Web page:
Freedom of information, as a right, is not stated expressly in the Constitution of Bosnia and Herzegovina, but it is protected indirectly. A Freedom of Access to Information Act (FOIA) was passed in 2000, with Bosnia and Herzegovina the first state of the Western Balkan countries to adopt it. One year later the FOIA had been passed by both entities.  However, by 2006, according to a survey done by the Centre for Free Access to Information, the FOIA was one of those acts that existed on paper, but had never actually been implemented. 
Today most institutions have appointed information officers and prepared a guidebook where citizens are informed of their rights and the necessary procedures to obtain information. An information ombudsman has been appointed within the Ombudsman Institution of Bosnia and Herzegovina to “examine the activities of public authorities in relation to this Act, either upon receiving an application or ex officio.” 
Still, considering the fragmentation of Bosnia and Herzegovina, its several government and administration levels, and its inefficient and non-responsive public administration, with no state network and common infrastructure, it is not easy for a citizen to understand the structure of administration, or how to get information from a public institution.
Policy and legislative environment
Sometimes it feels as if laws in Bosnia and Herzegovina are passed simply to comply with the European Union (EU) obligations and road map, without a serious plan to implement them, or without proper tools for their implementation. Meanwhile, the country lacks a law that will establish the Agency for the Information Society (AIS) that should oversee the development of the information society across the country.
Bosnia and Herzegovina has several key legal instruments and frameworks at its disposal that affect access to online information. Their status is as follows:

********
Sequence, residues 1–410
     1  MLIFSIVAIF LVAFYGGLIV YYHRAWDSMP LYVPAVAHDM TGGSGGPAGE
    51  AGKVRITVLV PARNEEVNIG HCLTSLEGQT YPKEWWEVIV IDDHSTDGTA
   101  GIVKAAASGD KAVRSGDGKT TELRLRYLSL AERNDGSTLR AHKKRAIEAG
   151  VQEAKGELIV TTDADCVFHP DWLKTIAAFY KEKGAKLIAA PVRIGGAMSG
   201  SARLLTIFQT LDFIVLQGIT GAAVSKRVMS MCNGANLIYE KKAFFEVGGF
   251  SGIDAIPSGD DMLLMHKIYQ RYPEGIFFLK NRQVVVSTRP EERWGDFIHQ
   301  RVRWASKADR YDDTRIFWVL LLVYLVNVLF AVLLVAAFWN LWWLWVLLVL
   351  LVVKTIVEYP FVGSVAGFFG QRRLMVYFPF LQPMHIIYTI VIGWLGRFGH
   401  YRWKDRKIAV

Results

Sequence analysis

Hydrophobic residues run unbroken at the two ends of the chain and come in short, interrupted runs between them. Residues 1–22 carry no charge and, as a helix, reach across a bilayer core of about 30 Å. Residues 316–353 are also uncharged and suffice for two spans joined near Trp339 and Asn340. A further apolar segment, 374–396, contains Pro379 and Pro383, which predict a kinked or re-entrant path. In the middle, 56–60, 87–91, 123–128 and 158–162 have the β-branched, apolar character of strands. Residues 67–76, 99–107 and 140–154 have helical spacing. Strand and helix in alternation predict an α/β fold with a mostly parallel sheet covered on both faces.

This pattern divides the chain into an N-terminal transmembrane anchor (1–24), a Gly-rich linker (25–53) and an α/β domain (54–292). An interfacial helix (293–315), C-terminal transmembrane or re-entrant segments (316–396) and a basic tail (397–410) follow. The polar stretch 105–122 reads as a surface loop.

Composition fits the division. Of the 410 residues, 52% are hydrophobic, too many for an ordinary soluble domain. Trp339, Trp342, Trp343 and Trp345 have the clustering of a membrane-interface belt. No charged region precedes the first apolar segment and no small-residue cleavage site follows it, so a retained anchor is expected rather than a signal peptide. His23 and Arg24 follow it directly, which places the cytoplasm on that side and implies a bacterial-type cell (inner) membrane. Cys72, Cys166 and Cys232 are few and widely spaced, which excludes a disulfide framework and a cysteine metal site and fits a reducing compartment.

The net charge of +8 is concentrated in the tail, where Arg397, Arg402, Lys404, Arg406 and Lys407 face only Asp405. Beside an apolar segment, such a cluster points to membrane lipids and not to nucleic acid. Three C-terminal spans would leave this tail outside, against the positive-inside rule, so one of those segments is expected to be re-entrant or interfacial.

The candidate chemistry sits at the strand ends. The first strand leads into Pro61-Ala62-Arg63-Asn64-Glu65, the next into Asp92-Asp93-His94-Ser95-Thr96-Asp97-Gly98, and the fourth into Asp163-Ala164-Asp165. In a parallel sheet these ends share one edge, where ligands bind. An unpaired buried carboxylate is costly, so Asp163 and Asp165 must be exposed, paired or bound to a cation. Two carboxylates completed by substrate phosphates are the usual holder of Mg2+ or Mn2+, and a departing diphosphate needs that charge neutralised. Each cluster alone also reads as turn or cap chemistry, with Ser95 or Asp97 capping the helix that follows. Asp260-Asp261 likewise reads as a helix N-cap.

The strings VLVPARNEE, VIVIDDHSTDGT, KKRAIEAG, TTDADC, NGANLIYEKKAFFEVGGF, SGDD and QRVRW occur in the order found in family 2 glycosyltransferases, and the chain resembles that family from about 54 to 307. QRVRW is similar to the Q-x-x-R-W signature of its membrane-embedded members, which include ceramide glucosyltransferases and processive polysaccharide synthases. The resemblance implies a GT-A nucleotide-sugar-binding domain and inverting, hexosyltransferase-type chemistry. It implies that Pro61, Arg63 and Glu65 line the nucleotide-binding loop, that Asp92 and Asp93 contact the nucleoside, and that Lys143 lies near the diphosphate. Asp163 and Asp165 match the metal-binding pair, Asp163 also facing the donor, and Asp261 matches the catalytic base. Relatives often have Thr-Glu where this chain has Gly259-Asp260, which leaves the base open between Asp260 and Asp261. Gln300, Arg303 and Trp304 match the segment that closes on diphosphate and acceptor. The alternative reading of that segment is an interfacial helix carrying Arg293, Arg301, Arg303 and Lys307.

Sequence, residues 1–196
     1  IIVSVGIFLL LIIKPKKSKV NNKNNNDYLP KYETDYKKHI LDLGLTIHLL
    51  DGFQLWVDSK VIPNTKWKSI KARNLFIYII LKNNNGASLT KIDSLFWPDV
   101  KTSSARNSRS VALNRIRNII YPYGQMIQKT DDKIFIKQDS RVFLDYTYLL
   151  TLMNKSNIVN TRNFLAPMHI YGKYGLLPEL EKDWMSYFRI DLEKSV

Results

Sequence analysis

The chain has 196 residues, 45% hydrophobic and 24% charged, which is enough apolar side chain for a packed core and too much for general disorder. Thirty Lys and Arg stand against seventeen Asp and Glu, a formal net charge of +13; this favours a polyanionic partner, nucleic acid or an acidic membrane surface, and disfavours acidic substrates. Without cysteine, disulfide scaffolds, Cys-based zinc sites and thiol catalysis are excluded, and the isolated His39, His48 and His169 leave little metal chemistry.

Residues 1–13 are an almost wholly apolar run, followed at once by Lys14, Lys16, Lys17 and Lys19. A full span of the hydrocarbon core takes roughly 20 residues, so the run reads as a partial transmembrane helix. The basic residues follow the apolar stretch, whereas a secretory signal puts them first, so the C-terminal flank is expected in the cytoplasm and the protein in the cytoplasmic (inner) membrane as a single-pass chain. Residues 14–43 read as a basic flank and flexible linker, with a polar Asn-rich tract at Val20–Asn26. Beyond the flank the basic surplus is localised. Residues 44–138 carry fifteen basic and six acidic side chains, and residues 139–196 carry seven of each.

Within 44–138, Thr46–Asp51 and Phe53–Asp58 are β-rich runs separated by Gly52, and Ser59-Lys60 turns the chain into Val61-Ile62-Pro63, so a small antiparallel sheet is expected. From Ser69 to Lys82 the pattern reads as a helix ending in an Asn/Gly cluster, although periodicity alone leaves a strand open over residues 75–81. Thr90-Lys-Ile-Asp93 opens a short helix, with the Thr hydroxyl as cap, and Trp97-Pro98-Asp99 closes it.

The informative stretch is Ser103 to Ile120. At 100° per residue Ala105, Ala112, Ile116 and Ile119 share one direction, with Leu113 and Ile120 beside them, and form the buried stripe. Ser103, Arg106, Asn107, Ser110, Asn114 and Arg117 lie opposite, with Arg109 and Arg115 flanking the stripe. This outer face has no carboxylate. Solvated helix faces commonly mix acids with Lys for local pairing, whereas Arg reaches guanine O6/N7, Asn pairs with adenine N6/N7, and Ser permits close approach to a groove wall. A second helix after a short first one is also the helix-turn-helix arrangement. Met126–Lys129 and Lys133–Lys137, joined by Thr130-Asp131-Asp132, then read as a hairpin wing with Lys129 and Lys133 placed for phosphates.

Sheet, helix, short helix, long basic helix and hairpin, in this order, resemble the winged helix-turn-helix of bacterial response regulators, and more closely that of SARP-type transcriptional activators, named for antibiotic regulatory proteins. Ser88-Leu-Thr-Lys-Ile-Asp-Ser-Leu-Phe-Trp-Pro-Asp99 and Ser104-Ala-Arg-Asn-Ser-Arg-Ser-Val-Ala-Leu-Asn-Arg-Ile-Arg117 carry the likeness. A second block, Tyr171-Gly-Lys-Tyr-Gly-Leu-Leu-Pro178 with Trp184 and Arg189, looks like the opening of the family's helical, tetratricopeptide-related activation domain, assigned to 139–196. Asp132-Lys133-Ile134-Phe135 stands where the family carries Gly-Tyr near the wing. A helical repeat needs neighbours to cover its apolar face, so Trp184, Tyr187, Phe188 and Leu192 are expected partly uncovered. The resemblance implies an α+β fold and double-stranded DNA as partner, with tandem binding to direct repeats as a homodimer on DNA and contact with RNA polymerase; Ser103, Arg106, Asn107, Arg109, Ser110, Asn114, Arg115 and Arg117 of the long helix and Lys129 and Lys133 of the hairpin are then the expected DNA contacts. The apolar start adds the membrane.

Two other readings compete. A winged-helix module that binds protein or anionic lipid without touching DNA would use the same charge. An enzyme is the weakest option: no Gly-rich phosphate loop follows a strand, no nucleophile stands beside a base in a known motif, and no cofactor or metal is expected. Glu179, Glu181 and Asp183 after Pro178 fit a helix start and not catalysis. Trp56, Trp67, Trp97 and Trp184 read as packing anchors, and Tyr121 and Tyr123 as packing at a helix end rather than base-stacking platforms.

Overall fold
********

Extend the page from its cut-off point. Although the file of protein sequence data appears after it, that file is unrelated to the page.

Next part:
- A law on personal data protection was adopted in 2001
- A legal framework on e‑signatures was passed in September 2006
- A law on cyber crime was signed in 2006
- A law on electronic legal and business operations was passed in 2007
- Draft e‑commerce legislation is currently before Parliament.
Besides these, intellectual property rights contained in an EU-supported information and communications technology (ICT) strategic research agenda called SCORE  are unclear regarding ICT products. The effect of this is a lack of support and incentives for local ICT enterprises to develop local products. Only recently the state regulatory agency for communication (RAK) started working on online media regulation and registration.
In the general context of education, it is important to mention that the educational system in Bosnia and Herzegovina is passing through a structural change in order to harmonise its system and curricula to the EU general standard. The key document is represented by the Bologna Declaration which marks a turning point in the development of European higher education.  A document entitled Education Reform in Bosnia and Herzegovina was presented to the Peace Implementation Council (PIC) in Brussels on 21 November 2002. This document was endorsed by both entities in the country. It focuses on the implementation of education reforms, and contains clear guidelines for these reforms. 
The academic and research network
There is a word in Bosnia and Herzegovina, polako, that is used whenever someone makes haste. Polako means that things will happen without the need to be in a hurry. The academic and research network in the country, BIHARNET, carries the flavour of this word. In the last nine years, since 2000, it has not fulfilled its mandate: there is no connectivity between the eight public universities in Bosnia and Herzegovina, and the universities still face high ICT costs.
During these dormant years, universities have continued to try to integrate ICTs into their work. Thanks to the implementation of another EU-supported project called SEEREN2 in December 2006, the University of Banja Luka was connected through SARNET, the academic network in Republika Srpska, to a GÉANT2  point of presence in Sabac, Serbia. This opened up a whole set of opportunities for the university. The connection goes through Doboj in northern Bosnia and Herzegovina, with the service provided by Telekom Srpske, a telecommunications company based in Banja Luka, and the second largest in the country.
This has had the effect of an alarm bell, given the political geography of Bosnia and Herzegovina and its rigid national-ethnic lines. It meant that in 2007 SARNET could serve the University of Banja Luka with a high-standard connection at very good price. The Universities of Sarajevo, Tuzla and Zenica, which are all in the Federation, tried for more than two years to do the same thing,  but BH Telecom, the largest telecommunications company in Bosnia and Herzegovina, declined citing technical reasons.